Cats spend a lot of time grooming. But if your feline friend is over-grooming to the point of causing baldness or spending most of their day scratching and chewing their skin, an underlying skin problem could be to blame. Dermatological issues range from cat acne to full-blown infections, and many cats experience some type of skin problem during their life. If your cat has cat acne, itchy skin, or you have any other reason to suspect they might have skin issues, scheduling an appointment with a veterinarian is always the best course of action. 

At All Creatures Veterinary Hospital, we understand the need for reputable online resources for pet parents. If you’re online looking for information about cat dermatology, we’re glad you found us! We decided to create this resource to share our answers to some of the most common questions about cat dermatology. If your cat doesn’t already have a veterinarian in Vallejo, CA, give us a call at (707) 940-8748. We’d love to have your feline friend as a patient! 

What is cat dermatology? 

Cat dermatology refers to the study of skin diseases in felines. When you seek veterinary care for your cat’s skin problems, we will diagnose the condition, determine its cause, and provide treatment to ease discomfort and improve your cat’s quality of life. 

How do skin conditions impact the health and well-being of my cat? 

Skin conditions can have a dramatic effect on your cat’s health and well-being and cause considerable discomfort. Most cats with skin issues experience itchiness, which leads to constant scratching, chewing, and tearing out their fur. Even in less severe cases, your cat may occasionally shake their head or scratch their ears due to discomfort. 

In addition to decreasing your cat’s quality of life, skin problems often lead to secondary infections. These infections further reduce your cat’s quality of life, of course. They can also cause worsening symptoms and negatively impact your cat’s overall health. 

What are some signs and symptoms of cat skin conditions? 

While cats are usually good at hiding signs of illness, there are a few common symptoms of cat skin conditions which you should be aware of. Keep in mind that your cat’s symptoms may vary depending on the underlying cause of their skin issues.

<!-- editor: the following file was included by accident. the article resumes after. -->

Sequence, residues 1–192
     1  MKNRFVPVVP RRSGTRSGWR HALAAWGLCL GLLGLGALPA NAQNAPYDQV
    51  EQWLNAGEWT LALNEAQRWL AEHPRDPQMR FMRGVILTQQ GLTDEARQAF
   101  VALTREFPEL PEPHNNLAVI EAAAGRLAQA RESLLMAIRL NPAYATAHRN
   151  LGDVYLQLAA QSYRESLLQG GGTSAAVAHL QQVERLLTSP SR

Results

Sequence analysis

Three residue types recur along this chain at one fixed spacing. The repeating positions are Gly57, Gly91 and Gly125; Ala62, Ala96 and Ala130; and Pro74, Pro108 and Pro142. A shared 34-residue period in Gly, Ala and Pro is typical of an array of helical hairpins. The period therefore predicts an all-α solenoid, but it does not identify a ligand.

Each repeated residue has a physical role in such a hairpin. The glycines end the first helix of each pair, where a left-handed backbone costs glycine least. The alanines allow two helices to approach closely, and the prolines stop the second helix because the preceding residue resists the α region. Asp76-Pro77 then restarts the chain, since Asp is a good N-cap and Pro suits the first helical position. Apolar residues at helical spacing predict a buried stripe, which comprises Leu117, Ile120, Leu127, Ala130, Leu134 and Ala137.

Common symptoms of cat skin conditions and cat dermatitis include: 

  • Excessive scratching, chewing, or licking
  • Skin irritation
  • Redness or swelling of the skin
  • Fur loss
  • Skin lesions
  • Ear infections
  • Lumps/bumps that resemble pimples, especially cat chin acne

Allergies, ringworm, external parasites, and even certain types of cat skin cancer can all cause dermatological issues in cats. If you notice any of the above symptoms or have any other reason to think your cat might be uncomfortable due to a skin issue, give us a call at (707) 940-8748 right away so we can get to the root of the problem. 

Why is it important to avoid self-diagnosing cat skin conditions? 

Skin conditions present in different ways and have a multitude of potential causes. For this reason, you cannot tell what’s wrong with your cat’s skin simply by looking at it. Only veterinarians can accurately diagnose the problem and determine its underlying cause. 

When you bring your cat to us at All Creatures Veterinary Hospital, we’ll start by assessing your cat’s symptoms and looking closely at their medical history. We will also perform some basic diagnostic testing to determine the cause of their discomfort. 

Also, most over-the-counter medications are not safe for cats. Attempting to use one to treat your cat’s itchy skin is likely to do more harm than good. Using medications made for humans (or even dogs) on cats is dangerous, and you should never do so without explicit instructions from your veterinarian.